Thousands of laundry workers who process hospital and nursing home linens voted to strike May 5 if necessary to win living wages and safe working conditions. Working under expired contracts, employees at seven facilities of Angelica, the nation’s largest health care laundry company, threatened to hit the picket lines if their demands for living wages and safe working conditions are not met. And their colleagues at eight other facilities have already pledged to honor their co-workers’ picket lines. The affected facilities are in California, New York, Texas and Illinois.
“Workers in the ‘soil sort’ room are the front line of the laundry,” said Bruce Raynor, president of Unite Here, the laundry workers’ union. There, unprotected workers receive truckloads of linens often stained with blood and excrement and harboring contaminated hypodermic needles and surgical instruments. But, says Raynor, Angelica does not even consistently provide employees with vaccinations for hepatitis B, a blood-borne disease, nor training, nor safety equipment.
Speaking at a telephone press conference May 2, Raynor said that the Teamsters Union, whose members pick up and deliver most of the hospital linens, have pledged not to cross the picket lines. In addition, Andy Stern, president of the Service Employees Union, which represents many hospital and nursing home workers, stated that SEIU’s members will “refuse to cross picket lines to load or unload Angelica trucks.”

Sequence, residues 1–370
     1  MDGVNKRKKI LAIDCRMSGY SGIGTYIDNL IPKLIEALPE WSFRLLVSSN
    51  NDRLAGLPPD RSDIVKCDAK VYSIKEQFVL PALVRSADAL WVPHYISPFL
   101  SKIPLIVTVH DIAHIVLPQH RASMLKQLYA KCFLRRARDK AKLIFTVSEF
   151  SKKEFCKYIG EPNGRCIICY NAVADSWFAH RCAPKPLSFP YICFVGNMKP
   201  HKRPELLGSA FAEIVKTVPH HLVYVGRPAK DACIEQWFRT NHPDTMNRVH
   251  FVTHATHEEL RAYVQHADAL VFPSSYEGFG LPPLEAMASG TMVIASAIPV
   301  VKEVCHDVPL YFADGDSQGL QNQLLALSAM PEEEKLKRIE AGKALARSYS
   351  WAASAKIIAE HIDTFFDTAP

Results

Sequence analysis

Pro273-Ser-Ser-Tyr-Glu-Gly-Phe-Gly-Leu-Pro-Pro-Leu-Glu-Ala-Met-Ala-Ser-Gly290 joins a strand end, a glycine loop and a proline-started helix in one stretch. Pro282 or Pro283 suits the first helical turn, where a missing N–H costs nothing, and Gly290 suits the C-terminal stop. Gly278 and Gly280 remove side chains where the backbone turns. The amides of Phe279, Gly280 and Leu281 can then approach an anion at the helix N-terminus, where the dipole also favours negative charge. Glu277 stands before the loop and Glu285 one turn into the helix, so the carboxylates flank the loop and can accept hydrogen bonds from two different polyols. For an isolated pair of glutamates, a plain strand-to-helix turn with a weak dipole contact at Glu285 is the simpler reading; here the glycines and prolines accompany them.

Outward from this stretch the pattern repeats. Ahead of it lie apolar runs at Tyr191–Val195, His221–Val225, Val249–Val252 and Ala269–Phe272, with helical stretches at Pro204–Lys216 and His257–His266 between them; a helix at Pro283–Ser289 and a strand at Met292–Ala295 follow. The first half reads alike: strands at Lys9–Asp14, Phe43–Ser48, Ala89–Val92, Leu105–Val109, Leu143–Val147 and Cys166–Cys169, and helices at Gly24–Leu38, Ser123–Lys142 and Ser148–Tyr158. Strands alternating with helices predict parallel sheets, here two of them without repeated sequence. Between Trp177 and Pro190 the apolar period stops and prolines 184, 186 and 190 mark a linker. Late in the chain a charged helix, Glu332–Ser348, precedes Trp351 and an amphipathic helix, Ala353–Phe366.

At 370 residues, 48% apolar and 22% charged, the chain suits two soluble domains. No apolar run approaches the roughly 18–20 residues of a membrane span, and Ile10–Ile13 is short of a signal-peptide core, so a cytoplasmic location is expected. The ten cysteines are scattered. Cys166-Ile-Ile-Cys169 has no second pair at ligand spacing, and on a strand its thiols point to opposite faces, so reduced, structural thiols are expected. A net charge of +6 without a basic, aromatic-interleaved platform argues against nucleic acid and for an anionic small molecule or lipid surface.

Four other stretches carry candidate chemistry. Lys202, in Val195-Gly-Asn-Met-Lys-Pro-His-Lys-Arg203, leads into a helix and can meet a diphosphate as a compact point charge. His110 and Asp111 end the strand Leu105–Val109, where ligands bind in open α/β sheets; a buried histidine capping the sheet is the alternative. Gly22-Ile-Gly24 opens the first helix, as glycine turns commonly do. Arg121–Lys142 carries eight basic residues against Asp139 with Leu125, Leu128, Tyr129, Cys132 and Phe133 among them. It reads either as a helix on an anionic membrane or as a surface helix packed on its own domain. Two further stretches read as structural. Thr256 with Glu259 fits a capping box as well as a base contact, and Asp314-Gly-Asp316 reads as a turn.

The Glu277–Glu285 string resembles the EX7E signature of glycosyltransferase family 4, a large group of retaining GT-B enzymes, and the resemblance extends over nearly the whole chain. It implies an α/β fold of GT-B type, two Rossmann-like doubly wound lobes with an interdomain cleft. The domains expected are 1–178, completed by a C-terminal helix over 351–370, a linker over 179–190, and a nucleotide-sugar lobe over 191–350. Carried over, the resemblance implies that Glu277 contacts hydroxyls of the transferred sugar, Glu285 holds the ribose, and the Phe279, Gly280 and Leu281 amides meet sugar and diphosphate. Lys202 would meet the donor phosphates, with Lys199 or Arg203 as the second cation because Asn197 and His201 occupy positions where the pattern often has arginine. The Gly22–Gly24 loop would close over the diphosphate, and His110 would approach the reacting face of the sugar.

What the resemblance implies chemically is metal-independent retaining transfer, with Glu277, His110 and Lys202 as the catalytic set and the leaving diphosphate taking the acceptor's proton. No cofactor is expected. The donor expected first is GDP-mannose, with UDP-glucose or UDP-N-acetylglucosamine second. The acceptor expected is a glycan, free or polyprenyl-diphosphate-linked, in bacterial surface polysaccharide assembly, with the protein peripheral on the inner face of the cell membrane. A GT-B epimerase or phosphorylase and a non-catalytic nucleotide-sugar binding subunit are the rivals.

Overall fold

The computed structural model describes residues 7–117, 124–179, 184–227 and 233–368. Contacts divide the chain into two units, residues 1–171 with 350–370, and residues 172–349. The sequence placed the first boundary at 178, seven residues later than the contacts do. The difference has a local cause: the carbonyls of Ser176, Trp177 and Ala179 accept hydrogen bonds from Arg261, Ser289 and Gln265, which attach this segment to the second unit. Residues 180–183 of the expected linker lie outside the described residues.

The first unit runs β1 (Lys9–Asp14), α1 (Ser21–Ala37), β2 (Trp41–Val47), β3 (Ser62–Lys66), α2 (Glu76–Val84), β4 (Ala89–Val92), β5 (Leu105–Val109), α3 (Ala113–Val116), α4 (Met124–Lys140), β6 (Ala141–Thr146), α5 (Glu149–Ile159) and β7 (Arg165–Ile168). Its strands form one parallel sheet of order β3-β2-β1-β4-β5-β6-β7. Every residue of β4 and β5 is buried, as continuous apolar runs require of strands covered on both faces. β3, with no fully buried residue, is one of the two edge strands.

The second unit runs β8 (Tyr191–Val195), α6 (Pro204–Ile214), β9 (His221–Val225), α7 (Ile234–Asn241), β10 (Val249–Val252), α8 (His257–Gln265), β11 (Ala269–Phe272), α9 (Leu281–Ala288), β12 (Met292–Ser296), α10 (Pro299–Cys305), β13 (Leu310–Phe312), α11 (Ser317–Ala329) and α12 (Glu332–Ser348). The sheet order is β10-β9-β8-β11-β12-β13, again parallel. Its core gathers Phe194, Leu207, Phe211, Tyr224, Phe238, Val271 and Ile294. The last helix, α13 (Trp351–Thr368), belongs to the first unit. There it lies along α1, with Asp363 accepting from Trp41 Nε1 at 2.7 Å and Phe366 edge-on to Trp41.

Angelica workers average less than $10 an hour, Raynor noted, “not a living wage.” The workers also are seeking affordable health care, especially for their children. Most health care laundry workers are women, Raynor explained, many single mothers.
Unite Here has been conducting vigorous organizing activities at health care laundries across the country and Raynor predicted actions of support at every one of Angelica’s 33 facilities, including those not yet organized. In Durham, N.C., a nonunion plant, the majority of workers have already voted to strike if picketers from struck Angelica facilities come to their plant.
The strike could paralyze hospitals especially in the Los Angeles area, where over 50 percent of hospital linen is supplied by Angelica’s six laundry facilities.
Providing linens to health care facilities is a rapidly expanding industry since a trend in the last decade for hospitals to outsource their laundry services to freestanding industrial laundries. Raynor said the union aims to set national standards for health care laundry workers. Right now, he emphasized they “have few of the protections available to other health care workers.”
The strikers will receive strike benefits from the first day of any walkout, Raynor said. “Our union is blessed with ample reserves to pay strike benefits as long as it takes.”